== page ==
That mixed-design technology was intended to be a simple start-up asphalt rubber system for states with little experience with the surface material.
The highway system bill and other legislation squelched ``unfunded mandates,'' including asphalt rubber research, said Michael Heitzman, a pavement engineer with the Federal Highway Administration.
The study was funded partly by pooled funds from the states, and the states could have chosen to keep it alive, according to Messrs. Heitzman and Davies. But when the agency polled the states about the study, those who responded ``agreed they didn't see the need to spend more money,'' Mr. Davies said.
Eventually, the FHA decided to ``recapture'' the money not spent and determine how to proceed. The agency is looking at the potential for chemically modified crumb rubber asphalt, Mr. Davies said.
The Rubber Pavements Association, a Tempe, Ariz.-based industry organization, is funding its own studies. Gary Hicks, formerly in the FHA-funded study, serves as the lead researcher.
One of the RPA studies measures the performance and life-cycle costs of asphalt rubber pavements in California, Arizona and Florida against that of conventional asphalt and polymer-modified hot mix, said Mr. Hicks, a member of the RPA Advisory Committee and a professor emeritus at Oregon State University. The other measures the laboratory properties of rubber-modified asphalt binders.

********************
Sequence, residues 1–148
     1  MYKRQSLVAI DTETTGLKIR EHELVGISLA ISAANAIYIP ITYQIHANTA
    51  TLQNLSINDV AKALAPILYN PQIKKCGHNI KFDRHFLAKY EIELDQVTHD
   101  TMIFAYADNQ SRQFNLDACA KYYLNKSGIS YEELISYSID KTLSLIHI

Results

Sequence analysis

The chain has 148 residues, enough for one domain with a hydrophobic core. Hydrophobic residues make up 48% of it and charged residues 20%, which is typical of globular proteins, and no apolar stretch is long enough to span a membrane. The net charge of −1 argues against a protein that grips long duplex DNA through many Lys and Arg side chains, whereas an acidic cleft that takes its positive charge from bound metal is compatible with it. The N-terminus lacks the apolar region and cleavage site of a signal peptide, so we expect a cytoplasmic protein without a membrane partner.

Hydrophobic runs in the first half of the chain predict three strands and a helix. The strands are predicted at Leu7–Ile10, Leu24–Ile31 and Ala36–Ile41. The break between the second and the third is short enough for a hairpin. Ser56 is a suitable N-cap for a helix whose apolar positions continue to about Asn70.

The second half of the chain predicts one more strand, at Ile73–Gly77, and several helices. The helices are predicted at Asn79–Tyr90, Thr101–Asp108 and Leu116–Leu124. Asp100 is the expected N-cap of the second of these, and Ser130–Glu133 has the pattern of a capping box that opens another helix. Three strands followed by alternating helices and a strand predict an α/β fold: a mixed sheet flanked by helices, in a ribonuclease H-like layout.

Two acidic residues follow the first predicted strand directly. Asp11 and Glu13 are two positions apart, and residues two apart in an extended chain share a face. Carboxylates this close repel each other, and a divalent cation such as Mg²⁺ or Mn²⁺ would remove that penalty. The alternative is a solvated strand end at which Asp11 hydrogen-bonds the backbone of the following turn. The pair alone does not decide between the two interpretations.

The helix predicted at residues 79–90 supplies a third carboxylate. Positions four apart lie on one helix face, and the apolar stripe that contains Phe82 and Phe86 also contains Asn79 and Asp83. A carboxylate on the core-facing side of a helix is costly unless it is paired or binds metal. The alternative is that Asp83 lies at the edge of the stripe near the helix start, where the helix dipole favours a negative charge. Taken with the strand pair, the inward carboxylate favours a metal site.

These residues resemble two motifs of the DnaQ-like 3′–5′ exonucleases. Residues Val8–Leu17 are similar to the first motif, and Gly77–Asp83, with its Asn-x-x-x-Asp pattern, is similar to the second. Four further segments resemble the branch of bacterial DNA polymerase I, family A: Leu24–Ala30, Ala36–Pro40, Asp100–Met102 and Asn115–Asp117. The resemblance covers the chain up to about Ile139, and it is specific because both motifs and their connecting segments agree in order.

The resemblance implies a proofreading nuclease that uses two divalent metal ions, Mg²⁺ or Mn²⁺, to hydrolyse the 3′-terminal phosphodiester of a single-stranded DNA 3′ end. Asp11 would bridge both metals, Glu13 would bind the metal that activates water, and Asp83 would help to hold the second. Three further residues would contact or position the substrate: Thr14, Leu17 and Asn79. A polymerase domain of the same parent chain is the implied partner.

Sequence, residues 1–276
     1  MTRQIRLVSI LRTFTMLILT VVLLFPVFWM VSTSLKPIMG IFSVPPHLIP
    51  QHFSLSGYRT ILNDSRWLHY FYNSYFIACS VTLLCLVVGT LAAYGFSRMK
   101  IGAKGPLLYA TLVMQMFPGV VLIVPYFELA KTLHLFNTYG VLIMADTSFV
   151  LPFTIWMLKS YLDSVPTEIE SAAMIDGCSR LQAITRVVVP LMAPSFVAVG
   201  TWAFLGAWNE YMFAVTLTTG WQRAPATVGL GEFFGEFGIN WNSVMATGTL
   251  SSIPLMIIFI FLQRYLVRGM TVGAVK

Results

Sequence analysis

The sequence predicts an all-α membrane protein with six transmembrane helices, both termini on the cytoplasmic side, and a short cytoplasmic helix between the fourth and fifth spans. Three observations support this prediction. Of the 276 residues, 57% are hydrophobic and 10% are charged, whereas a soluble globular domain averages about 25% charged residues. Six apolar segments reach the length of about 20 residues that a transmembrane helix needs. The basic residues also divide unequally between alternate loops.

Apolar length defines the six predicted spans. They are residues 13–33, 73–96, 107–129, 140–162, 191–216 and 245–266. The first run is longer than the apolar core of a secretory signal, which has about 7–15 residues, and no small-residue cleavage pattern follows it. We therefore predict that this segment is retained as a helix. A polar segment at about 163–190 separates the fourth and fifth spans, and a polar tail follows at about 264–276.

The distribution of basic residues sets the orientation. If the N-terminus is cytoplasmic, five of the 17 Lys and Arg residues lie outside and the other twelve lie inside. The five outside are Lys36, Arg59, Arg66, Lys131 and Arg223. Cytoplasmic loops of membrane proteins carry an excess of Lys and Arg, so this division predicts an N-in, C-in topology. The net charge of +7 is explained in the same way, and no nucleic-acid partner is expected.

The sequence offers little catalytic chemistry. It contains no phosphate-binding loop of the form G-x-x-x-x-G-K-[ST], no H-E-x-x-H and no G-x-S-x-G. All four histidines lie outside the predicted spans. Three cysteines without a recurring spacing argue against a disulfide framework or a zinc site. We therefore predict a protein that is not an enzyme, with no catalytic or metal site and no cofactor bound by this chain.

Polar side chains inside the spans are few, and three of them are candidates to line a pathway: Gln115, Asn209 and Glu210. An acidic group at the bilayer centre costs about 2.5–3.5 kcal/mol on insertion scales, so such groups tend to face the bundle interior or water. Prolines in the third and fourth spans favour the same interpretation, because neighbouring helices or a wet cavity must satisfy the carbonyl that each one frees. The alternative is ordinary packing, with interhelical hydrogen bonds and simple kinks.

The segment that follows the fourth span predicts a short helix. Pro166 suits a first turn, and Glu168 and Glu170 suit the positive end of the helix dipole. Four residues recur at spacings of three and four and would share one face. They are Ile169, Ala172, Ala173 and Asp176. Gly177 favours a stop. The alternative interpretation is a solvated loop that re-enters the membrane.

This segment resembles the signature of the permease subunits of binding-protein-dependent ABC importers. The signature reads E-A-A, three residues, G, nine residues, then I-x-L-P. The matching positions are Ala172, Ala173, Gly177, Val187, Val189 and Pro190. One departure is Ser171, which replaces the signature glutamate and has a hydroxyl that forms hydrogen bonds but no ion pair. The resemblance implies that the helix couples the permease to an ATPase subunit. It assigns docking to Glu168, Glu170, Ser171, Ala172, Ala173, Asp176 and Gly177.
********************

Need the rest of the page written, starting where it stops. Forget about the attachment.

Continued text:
The RPA is interested in seeing the highway administration study completed, and there may be a possibility that will happen, Mr. Hicks said.
But observers generally agree the controversy over the federal mandate not only hampered research, but also wider acceptance of asphalt rubber as an alternative to conventional paving.